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GiaQuinta recaps Indiana’s 2024 legislative session

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Upon the Indiana House of Representatives' motion to adjourn sine die, House Democratic Leader Phil GiaQuinta (D-Fort Wayne) provided the following recap on the 2024 legislative session.

GiaQuinta highlighted the positive legislative achievements by House Democrats, including:

“I've said it before, and I'll say it again: House Democrats are pragmatic problem solvers,” GiaQuinta said. “I am incredibly proud of the work our caucus did this session to work across the aisle and try, try again until results were delivered for Hoosiers. Being a pragmatic problem solver means not letting the perfect be the enemy of the good – a principle we acted upon again and again this session.”

GiaQuinta also pointed to the instances in which House Democrats served as critical bulwarks against legislation that would harm Hoosier communities.

“From Reps. Harris, Gore, Hamilton and Johnson's calm and civil work to save mass transit projects in Indianapolis and statewide to Rep. Bauer's effort to make sure that dangerous PFAS language did not sneakily pass both chambers in the 11th hour of the legislative session, House Democrats took a strategic and disciplined approach to stopping bad legislation from becoming law. In these instances, we ensured that reason prevailed and Hoosier communities can remain connected and safe from dangerous chemicals.”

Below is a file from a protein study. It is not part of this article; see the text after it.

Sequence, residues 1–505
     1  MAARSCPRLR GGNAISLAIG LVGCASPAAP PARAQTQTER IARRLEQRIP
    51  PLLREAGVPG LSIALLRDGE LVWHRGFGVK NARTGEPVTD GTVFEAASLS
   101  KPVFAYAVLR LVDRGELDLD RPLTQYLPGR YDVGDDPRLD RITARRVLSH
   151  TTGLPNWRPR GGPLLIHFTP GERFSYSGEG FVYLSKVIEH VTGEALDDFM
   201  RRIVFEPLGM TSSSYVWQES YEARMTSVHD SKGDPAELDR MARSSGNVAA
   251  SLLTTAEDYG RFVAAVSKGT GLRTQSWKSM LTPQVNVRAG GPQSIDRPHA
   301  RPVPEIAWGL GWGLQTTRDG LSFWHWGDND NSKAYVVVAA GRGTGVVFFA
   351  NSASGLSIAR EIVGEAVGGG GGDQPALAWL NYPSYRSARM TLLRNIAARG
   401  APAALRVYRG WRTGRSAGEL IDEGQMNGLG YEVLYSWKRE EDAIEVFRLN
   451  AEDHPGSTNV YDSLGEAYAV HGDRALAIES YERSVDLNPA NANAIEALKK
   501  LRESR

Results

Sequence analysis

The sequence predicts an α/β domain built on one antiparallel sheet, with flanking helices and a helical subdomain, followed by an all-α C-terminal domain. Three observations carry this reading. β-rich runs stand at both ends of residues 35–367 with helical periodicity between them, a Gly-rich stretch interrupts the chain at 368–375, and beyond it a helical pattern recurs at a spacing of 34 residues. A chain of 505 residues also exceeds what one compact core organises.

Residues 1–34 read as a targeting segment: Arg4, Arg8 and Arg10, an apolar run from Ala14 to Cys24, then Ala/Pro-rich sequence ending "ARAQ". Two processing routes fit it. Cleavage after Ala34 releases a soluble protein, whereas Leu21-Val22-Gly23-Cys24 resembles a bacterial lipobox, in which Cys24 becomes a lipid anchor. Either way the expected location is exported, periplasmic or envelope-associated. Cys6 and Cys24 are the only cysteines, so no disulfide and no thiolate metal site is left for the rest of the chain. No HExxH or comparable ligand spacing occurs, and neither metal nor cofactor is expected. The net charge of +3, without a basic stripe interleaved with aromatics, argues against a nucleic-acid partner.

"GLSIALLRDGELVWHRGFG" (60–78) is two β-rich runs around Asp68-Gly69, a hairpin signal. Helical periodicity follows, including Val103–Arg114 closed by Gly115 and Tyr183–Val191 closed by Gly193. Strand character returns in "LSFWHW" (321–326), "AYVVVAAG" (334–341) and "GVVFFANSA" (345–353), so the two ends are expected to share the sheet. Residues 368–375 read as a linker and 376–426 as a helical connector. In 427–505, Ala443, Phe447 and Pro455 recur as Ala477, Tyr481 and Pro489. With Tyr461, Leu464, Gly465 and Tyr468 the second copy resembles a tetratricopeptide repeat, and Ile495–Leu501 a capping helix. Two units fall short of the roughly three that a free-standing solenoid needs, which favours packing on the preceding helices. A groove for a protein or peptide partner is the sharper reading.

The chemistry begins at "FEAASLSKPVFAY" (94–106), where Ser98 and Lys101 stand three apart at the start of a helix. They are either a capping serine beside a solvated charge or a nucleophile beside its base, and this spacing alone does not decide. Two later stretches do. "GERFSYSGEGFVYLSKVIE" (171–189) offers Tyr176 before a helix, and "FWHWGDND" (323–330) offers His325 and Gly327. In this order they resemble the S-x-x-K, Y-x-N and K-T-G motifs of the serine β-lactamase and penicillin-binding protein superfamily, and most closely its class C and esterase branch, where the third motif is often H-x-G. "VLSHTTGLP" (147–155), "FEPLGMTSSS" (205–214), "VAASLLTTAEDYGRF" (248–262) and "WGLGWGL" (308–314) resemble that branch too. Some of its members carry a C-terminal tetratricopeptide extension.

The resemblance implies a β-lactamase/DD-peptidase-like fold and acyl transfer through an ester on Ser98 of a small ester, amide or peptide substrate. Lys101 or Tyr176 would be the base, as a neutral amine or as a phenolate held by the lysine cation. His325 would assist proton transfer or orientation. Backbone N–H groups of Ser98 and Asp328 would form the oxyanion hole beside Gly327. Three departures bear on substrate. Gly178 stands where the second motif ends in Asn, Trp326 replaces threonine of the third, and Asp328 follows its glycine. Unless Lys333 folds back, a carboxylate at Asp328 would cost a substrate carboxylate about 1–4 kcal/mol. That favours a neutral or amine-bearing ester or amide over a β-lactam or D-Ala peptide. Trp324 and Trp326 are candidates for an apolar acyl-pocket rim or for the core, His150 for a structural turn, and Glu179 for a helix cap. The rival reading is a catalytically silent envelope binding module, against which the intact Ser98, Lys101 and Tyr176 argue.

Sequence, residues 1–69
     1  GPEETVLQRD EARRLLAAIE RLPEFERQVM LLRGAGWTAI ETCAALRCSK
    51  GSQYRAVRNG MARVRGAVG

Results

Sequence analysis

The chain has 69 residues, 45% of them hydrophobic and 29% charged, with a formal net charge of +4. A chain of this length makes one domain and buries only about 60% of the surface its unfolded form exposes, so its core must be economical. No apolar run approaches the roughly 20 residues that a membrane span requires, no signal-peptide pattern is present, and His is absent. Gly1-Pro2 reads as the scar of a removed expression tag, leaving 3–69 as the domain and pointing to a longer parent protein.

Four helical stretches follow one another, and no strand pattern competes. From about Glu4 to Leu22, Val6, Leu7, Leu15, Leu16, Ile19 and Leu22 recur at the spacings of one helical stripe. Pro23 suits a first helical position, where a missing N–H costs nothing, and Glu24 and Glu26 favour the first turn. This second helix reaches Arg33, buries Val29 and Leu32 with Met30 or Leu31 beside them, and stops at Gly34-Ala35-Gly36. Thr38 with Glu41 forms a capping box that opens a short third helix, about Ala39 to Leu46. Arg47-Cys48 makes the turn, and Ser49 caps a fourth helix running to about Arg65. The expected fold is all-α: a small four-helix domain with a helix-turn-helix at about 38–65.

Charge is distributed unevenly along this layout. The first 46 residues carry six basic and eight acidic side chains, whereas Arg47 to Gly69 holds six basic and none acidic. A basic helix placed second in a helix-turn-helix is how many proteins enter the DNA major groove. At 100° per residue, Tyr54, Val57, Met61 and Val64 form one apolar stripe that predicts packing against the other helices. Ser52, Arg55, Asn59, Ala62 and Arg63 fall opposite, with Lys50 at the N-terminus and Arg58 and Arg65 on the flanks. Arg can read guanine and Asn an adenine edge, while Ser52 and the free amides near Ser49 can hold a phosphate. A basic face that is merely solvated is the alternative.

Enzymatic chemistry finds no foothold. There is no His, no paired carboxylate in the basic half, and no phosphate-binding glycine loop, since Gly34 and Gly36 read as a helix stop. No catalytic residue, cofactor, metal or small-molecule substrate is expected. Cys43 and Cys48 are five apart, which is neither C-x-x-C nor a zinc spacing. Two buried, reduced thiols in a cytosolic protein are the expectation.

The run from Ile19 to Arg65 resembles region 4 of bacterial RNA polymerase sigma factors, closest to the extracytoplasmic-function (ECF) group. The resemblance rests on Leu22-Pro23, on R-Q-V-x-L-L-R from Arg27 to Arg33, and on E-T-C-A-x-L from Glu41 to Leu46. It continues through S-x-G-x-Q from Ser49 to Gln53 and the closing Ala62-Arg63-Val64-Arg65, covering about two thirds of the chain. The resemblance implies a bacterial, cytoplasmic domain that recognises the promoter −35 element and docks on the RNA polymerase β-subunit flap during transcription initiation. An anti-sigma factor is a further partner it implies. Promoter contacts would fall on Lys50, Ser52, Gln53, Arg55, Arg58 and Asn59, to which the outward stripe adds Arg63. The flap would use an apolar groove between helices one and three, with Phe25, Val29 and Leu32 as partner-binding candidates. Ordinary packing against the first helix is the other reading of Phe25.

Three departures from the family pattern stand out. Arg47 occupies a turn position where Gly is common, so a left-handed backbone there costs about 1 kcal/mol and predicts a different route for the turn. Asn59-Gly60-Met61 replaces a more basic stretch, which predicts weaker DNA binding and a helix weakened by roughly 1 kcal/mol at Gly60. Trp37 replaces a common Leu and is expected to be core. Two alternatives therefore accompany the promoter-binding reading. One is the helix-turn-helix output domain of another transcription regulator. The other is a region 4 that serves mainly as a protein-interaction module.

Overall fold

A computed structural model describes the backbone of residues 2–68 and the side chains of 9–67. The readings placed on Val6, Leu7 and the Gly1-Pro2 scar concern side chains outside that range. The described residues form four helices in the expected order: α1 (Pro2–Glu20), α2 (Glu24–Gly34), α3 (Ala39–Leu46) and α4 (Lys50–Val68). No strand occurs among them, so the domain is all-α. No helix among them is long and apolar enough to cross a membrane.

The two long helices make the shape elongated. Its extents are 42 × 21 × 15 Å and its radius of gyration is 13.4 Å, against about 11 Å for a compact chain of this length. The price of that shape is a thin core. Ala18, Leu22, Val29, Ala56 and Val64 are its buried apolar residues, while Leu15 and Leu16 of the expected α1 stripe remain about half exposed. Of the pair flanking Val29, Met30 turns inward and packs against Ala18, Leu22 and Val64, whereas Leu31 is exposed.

Still, though, GiaQuinta mourned the losses this session for local control, regular Hoosiers and governmental transparency.

  • Local control lost out when it came to:
    • Voiding Gary's gun lawsuit and limiting future lawsuits against the gun industry and
    • Limiting local governments' ability to regulate the puppy mill industry.
  • Regular Hoosiers lost when it came to:

    • Leaving families with medically complex children high and dry when it came to continuing Indiana's attendant care program;
    • More rollbacks of wetlands protections for special interests;
    • Less oversight of the under-the-microscope gaming industry;
    • Taking away workplace protections from children working in hazardous farm labor conditions; and
    • Unnecessary overreach and censorship of Indiana's excellent public universities.
  • Government transparency lost when it came to:

    • Rep. DeLaney's amendment to require an explanation of how the $1 billion shortfall happened being removed from Senate Bill 256 and
    • Limiting the scope of the public access counselor.

“Hoosiers sent House Democrats to the General Assembly to make their lives better, and I'm sorry we couldn't stop this legislation to limit local control, hurt regular Hoosiers and decrease governmental transparency from becoming law,” GiaQuinta concluded. “You deserve state government that works for you, and it's a shame that Statehouse Republicans put special interests and backroom deals before your wellbeing. I promise that House Democrats will continue fighting for Hoosiers during this interim and into the 2025 legislative session.”

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